Toxic shock syndrome is a rare, life-threatening condition that made headlines in the 1980s after the deaths of young women who used super absorbent tampons. These tampons were later removed from the market.
Toxic shock syndrome is caused by a cascade of the events initiated by the release of toxins produced by bacteria, most commonly Staphylococcus (Staph). These toxins activate the immune system which produce chemicals called cytokines that subsequently lead to low blood pressure (shock) and tissue damage.
Although toxic shock syndrome is associated with menstruating women, other risk factors include surgical wounds, localized deep skin infection, burns, use of contraceptive diaphragm or sponge and abortion. About half of the cases occur in menstruating women. A tampon saturated with blood provides a good environment for rapid growth of bacteria. Tampons made of polyester foam seem to be of greater risk than those made of cotton or rayon. Super absorbent tampons can cause drying of the vaginal walls increasing the risk of tears and introduction of the bacteria.
Signs of toxic shock syndrome include sudden high fever (greater than 102), vomiting, diarrhea, a skin rash resembling a sunburn particularly on the palms and soles which may cause shedding of that skin, confusion, muscle aches, headaches, redness of eyes and throat and seizures. Early diagnosis and treatment can prevent severe complications. Treatment includes intravenous fluids and antibiotics. More severe cases require admission to an intensive care unit and supportive care to treat any evidence of low blood pressure and kidney failure which sometimes requires dialysis. Surgery is sometimes necessary to remove or drain the infected tissue. The mortality rate of toxic shock syndrome is 5-15%.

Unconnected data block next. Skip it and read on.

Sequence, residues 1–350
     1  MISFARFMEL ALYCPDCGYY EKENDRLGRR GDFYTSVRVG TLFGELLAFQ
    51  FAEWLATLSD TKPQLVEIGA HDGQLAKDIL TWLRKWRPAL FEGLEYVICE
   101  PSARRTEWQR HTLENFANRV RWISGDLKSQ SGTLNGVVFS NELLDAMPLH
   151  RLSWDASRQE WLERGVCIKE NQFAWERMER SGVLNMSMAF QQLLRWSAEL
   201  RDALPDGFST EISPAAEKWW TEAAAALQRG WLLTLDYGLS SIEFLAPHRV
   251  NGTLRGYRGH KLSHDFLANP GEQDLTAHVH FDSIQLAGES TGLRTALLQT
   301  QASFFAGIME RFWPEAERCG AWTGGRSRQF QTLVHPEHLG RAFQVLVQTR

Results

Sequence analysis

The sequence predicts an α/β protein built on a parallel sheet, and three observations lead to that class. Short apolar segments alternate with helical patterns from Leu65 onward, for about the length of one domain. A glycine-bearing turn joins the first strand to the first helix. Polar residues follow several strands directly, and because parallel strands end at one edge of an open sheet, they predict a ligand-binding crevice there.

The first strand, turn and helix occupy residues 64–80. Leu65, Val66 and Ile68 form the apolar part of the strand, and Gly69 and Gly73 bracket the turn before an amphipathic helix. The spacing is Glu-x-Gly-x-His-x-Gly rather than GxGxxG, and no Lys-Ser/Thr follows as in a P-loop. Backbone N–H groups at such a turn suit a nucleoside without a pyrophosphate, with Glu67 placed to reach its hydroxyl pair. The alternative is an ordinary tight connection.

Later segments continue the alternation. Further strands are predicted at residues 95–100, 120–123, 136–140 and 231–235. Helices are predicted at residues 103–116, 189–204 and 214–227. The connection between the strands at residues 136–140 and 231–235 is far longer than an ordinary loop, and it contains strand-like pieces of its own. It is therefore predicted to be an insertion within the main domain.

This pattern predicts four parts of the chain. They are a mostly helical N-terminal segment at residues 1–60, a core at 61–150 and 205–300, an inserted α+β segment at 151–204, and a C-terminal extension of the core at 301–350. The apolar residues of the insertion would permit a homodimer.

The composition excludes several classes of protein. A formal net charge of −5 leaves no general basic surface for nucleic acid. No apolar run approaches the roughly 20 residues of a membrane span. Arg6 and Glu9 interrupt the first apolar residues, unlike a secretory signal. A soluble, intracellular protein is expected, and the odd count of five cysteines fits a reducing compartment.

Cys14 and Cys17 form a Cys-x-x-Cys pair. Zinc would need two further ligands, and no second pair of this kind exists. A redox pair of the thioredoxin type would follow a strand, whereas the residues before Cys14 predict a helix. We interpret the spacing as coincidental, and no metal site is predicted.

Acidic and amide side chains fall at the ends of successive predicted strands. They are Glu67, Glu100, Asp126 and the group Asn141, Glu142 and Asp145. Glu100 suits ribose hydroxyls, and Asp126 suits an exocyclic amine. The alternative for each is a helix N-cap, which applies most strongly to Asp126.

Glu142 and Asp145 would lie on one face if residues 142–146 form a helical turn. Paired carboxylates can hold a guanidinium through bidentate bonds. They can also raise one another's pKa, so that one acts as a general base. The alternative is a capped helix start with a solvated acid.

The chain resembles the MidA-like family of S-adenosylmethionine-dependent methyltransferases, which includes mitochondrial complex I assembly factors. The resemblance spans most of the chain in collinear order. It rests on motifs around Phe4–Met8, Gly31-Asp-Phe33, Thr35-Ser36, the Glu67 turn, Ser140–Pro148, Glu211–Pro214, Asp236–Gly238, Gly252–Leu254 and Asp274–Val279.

More than a third of all cases of toxic shock syndrome involve women under 19. Up to 30% of women who have had toxic shock syndrome will get it again. Prevention of toxic shock syndrome includes frequent tampon changing and avoidance of super absorbent tampons.
By: David Schutzer, MD